After watching an interview of Lawrence Lessig back on the old TechTV channel, I was fascinated by his views on copyright and the public domain. I immediately researched him on the internet and walked down to my nearby Borders to pick up this book. This book became the basis that helped me define my views on the public domain and digital rights management (DRM). Every time I see large corporations use DRM as a way for content control rather than the protection of ideas, it makes me cringe and thi After watching an interview of Lawrence Lessig back on the old TechTV channel, I was fascinated by his views on copyright and the public domain. I immediately researched him on the internet and walked down to my nearby Borders to pick up this book. This book became the basis that helped me define my views on the public domain and digital rights management (DRM). Every time I see large corporations use DRM as a way for content control rather than the protection of ideas, it makes me cringe and think of this book. Because of copyright, do you think all of our music today is going to be passed from generation to generation like the public domain works of Mozart or Beethoven? Would we have amazing hip hop beats if there were no grey area of mixing music? After reading this book it might open up your mind and think about supporting the Creative Commons rights management. Finally, this book is also a great foundation when discussing topics like the DMCA or net neutrality.

  3. 5 out of 5

    Erika RS

    I am a Lessig fan. That said, I think this was a very good book and would be a good read for anyone interested in intellectual property especially as related to technology. Two good issues discussed in the text were the idea of the commons verses ownership and the idea of regulation in advance. The first issue discussed the illusion that just because it is better to have some things as property (controlled by the market) it is better to have everything controlled as property. Thus, the illusion c I am a Lessig fan. That said, I think this was a very good book and would be a good read for anyone interested in intellectual property especially as related to technology. Two good issues discussed in the text were the idea of the commons verses ownership and the idea of regulation in advance. The first issue discussed the illusion that just because it is better to have some things as property (controlled by the market) it is better to have everything controlled as property. Thus, the illusion continues, more control is always better. Furthermore, the illusion states, if you fight against more control, you are against control completely. Lessig pointed out that this is not the case. We have things owned in common (highways were a common example) and things owned privately. Balance must be achieved even in the physical world. Even more so in the digital world. More so because in the digital world resources have little to no possibility of being used up. Thus, we must consider them as separate from physical property. Ownership will not disappear in the digital world, however, it should not be given a priori; its benefits should be demonstrated by those who want to claim it as property. The second issue was in response to the fact that many laws and regulations are being made in relation to the expected consequences of new technologies. However, these things limit the use of new technologies and stifle innovation in favor of existing (usually large) companies. The existing parties that are in favor of these regulations thus shift the burden of proving usefulness onto new technologies. Yet if a technology cannot play around in the real world, how is one to determine whether or not there is a use/market for it? This book is thought provoking and well written. There were some things (mainly the proposed solutions to existing problems) that I felt would have some bugs in implementation, but that did not distract from the book. In fact, they rather prove the point. They were brainstorming, innovation. We cannot know if those methods are right without looking into them more deeply. Similarly, digital technology and intellectual property cannot be treated like physical property. There may be some analogies, but there are also profound differences.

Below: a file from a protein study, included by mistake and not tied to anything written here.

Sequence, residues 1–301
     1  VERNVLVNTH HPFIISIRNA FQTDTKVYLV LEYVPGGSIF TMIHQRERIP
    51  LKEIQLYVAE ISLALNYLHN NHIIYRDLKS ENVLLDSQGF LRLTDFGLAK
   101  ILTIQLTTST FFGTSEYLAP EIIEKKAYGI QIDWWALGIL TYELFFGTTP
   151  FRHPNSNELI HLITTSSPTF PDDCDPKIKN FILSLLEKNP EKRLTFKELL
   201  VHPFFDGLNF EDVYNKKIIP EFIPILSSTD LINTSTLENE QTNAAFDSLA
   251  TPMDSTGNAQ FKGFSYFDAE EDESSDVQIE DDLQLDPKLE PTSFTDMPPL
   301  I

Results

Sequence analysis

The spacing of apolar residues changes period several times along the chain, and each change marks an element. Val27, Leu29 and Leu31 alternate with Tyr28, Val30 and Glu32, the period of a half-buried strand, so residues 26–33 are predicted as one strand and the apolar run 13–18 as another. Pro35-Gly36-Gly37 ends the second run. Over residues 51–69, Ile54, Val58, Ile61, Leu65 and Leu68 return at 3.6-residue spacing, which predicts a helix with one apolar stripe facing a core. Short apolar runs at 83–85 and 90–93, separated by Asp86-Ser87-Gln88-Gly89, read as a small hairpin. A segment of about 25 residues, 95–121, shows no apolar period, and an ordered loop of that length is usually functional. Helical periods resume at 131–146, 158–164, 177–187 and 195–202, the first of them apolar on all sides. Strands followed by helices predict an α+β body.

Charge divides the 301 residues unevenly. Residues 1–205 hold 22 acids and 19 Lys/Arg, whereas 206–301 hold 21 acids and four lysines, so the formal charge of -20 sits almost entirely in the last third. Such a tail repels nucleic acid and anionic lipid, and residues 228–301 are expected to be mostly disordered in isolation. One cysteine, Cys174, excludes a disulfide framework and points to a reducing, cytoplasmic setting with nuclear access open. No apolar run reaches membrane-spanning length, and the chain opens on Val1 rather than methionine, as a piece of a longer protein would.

4. 5 out of 5

    Y

    "The experts didn't get it", the book starts by giving you the history of the internet from the ground up, always reminding you that freedom drives innovation because the few at the top, might not get it.

  5. 4 out of 5

    EAL

    I didn't actually finish this book; I just cannot bring myself to finish it. What is it about the writing that makes it so infuriatingly slow-paced? It's just like The World is Flat.

  6. 4 out of 5

    Arnaud Vigouroux

    After 15 years, the landscape of the Internets changed a lot and this book sometimes look outdated. But, it lays the basis for a reflection on what fostered innovation in this field, how intellectual property laws play a role and what changed when the Internets went commercial. This book is still worth reading and I would like to get a hand on an updated version, where the power of the gafa would be taken into account.

  7. 5 out of 5

    Ietrio